Where there’s muck there’s brass

Belvoir, Sydney, June 10

MOTHER Courage is one of the little people, born somewhere undesirable at the wrong time. A war she didn’t have anything to do with starting grinds on, stops for a bit and then starts up again. What’s a woman to do? Mother Courage goes on to the front foot. As a Yorkshireman might say, “where’s there’s muck there’s brass”. That’s a 20th-century saying but apparently there was a 17th-century English proverb that covered pretty much the same ground. Wherever there’s unpleasant work there is money to be made. Certainly where there is destruction on a grand scale many people will lose everything. But some people make a lot. Consider, for instance, KBR Inc, a former subsidiary of the well-connected company Halliburton, which received US government contracts worth nearly $US40 billion for work relating to the Iraq war. Mother Courage works on a rather less elevated level, hanging around the fringes of conflict with her wagon, selling a bit of this and a bit of that. She makes a living. (That phrase takes on some piquancy when used in relation to a war zone.)

Robyn Nevin in Mother Courage. Photo: Heidrun Lohr

Robyn Nevin in Mother Courage. Photo: Heidrun Lohr

Brecht set his play during the cataclysmic Thirty Years War that occupied a substantial part of the first half of 17th-century Europe but its story is imperishable. Kingdoms and principalities may come and go but war is a sure thing and so are the profits that go with it. Brecht’s war isn’t the clash of bodies and armaments and a little touch of Harry in the night; it’s the one that runs parallel with it, the one that feeds off the fighting while feeding those who fight, and possibly keeps it all going longer than it might otherwise. Who can possibly say?

As John Willett writes in Brecht in Context (Methuen, 1984), “Brecht does that seemingly simple thing which his often mystifying theory of alienation is intended to make possible. He takes a new look at a familiar area, and by so doing he suggests to others how they too can look at it afresh.” In other words, we need to be able to see things doubly – in the light of deeply ingrained beliefs but also with a mind open to new and perhaps strange ways of perceiving. Things are rarely as cut and dried as black hats versus white hats.

Mother Courage – the character – brilliantly embodies the kind of duality that’s constantly shifting. For every good quality she displays there is evidence of its opposite. She is funny and grim, brave and cowardly, generous and venal, protective of her children while failing to protect them, open to a spot of romance and hard as a nut, and on it goes. Is she really courageous or a vulture opportunistically picking at whatever bones come her way?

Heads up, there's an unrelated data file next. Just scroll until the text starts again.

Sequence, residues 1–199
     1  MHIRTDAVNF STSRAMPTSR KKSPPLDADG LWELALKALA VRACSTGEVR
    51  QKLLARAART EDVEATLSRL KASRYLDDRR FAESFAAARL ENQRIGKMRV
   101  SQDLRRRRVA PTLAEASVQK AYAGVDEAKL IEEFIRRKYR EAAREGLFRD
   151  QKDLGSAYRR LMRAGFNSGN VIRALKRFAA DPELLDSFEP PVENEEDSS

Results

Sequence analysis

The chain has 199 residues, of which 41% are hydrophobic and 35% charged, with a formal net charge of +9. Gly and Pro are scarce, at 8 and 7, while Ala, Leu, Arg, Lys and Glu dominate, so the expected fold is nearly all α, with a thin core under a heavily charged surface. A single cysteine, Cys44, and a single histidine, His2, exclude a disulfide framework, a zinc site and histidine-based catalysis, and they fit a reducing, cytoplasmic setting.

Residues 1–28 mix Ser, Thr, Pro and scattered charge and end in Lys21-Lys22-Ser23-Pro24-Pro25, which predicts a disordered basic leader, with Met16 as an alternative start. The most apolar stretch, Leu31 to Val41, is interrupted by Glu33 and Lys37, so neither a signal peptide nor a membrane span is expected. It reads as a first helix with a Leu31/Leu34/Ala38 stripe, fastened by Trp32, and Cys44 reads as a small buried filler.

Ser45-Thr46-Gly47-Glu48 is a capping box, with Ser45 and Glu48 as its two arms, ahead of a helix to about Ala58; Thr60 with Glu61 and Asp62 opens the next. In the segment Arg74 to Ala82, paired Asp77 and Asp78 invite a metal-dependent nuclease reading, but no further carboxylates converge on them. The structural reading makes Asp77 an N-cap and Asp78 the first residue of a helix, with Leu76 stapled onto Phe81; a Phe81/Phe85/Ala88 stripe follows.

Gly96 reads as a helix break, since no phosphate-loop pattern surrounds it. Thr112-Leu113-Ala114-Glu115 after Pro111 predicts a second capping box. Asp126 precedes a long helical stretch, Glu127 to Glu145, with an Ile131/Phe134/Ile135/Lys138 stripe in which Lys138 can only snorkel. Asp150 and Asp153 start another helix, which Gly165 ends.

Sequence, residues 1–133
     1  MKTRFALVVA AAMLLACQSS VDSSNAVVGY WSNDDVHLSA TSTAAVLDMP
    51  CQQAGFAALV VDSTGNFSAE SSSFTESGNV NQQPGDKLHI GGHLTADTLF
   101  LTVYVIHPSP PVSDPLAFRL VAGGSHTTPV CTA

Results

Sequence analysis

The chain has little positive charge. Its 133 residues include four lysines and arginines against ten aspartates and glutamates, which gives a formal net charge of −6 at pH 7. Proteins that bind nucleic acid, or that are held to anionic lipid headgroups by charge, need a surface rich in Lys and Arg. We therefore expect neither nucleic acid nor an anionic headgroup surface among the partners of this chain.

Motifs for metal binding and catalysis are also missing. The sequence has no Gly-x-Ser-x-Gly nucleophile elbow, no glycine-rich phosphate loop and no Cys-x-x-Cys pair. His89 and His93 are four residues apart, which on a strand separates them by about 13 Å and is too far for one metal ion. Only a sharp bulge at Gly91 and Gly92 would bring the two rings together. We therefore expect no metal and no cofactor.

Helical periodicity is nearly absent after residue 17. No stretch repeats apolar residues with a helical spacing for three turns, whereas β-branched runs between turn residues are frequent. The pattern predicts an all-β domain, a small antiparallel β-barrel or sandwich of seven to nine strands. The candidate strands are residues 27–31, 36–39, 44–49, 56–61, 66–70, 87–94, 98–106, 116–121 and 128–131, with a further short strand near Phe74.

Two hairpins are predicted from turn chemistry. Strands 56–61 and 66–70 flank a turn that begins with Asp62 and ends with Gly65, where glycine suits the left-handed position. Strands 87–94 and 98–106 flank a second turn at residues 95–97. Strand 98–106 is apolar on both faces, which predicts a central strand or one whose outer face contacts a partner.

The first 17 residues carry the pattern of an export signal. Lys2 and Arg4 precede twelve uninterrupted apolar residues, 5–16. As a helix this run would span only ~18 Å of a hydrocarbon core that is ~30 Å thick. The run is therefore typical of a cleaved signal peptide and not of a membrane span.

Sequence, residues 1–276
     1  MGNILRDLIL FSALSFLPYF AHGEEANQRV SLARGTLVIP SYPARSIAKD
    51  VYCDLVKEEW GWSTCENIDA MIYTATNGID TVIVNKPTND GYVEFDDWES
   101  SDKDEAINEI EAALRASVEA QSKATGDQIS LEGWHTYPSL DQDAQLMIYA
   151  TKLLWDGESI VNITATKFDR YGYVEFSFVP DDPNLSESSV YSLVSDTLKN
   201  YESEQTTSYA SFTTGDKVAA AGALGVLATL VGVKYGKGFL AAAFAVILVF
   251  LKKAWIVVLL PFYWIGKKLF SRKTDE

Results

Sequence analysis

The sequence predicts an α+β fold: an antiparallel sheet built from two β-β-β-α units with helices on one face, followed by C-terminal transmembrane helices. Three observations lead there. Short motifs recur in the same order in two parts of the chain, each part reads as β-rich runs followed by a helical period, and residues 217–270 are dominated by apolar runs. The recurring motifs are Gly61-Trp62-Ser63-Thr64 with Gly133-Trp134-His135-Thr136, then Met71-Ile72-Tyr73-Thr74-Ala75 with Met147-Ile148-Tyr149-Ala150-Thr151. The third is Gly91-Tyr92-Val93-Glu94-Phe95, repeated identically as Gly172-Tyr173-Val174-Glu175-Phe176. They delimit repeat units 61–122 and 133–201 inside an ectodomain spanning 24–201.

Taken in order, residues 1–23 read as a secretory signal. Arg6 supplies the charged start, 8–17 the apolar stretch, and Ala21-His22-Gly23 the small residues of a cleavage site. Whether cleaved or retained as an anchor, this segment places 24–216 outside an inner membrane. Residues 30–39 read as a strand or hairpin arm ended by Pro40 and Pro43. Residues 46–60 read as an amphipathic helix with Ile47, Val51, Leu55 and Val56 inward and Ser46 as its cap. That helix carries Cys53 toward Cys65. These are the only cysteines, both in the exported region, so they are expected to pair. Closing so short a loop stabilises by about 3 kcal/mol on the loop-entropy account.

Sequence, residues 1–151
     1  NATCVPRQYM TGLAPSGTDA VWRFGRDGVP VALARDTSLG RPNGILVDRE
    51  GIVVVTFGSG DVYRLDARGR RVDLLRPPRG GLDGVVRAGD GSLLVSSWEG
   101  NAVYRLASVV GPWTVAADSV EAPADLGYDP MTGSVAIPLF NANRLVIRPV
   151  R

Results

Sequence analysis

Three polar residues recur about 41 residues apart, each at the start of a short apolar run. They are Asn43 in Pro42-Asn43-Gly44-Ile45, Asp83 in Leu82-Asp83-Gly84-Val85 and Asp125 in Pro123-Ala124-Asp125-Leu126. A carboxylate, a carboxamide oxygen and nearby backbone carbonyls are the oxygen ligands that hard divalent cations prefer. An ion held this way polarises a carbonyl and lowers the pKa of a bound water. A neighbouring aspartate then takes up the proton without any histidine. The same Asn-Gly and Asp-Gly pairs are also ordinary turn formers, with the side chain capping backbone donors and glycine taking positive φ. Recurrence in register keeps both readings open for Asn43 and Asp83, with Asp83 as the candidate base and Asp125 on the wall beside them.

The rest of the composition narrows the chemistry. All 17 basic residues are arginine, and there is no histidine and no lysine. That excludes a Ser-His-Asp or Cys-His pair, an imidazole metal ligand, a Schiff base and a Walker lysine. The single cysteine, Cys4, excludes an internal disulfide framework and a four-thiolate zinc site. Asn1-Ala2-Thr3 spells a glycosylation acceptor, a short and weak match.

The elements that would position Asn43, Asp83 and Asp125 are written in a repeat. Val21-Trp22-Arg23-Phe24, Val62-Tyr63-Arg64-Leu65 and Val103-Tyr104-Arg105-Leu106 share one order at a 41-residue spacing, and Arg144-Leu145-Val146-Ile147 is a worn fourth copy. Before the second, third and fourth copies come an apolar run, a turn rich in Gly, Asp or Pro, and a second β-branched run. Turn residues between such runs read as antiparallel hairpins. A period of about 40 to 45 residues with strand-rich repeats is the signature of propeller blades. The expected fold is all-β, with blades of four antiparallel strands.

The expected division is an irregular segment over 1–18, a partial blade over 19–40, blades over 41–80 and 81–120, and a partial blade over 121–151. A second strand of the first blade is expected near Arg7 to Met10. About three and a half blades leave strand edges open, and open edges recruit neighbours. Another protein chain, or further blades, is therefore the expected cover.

Under Eamon Flack’s direction for Belvoir, Robyn Nevin shows you all this in a riveting performance that feels perfectly true to the intentions of the work and the process of conveying it. I came across the following when reading Eric Bentley’s The Theory of the Modern Stage (Penguin, 1968) and it resounded greatly. This is Brecht on his wife Helene Weigel, saying that she had learned to let attention “move away from her, the actress, to the content: to what was enacted … never did she set out to show her own greatness, but always the greatness of those whom she portrayed.” (Translation by John Berger and Anna Bostock.) Weigel was the first Mother Courage.

Flack has also been very astute in the selection of supporting actors. It’s true that Belvoir has an increasingly good record of looking beyond performers who match the predominately white audience, but here the casting has particular bite. (Most people don’t notice absence. It’s why for aeons there were female directors were incredibly scarce: male artistic directors just didn’t notice they weren’t there. People get used to seeing people who are like them and assuming all is right with the world. It’s not a state particularly conducive to creative thinking.) In Mother Courage the diversity of the actors’ appearances forces you to attend just that little bit more actively. A Kattrin whose work we are already familiar and therefore comfortable with? A young woman who looks rather like a young Nevin? Too easy. Newcomer Emele Ugavule was an inspired choice and she is unforgettable as Mother Courage’s daughter, her muteness explained in one terrible throwaway line that efficiently covers the kinds of things that happen to young women during wartime and demonstrates Mother Courage’s practical acceptance of it.

Emele Ugavule as Kattrin. Photo: Heidrun Lohr

Emele Ugavule as Kattrin. Photo: Heidrun Lohr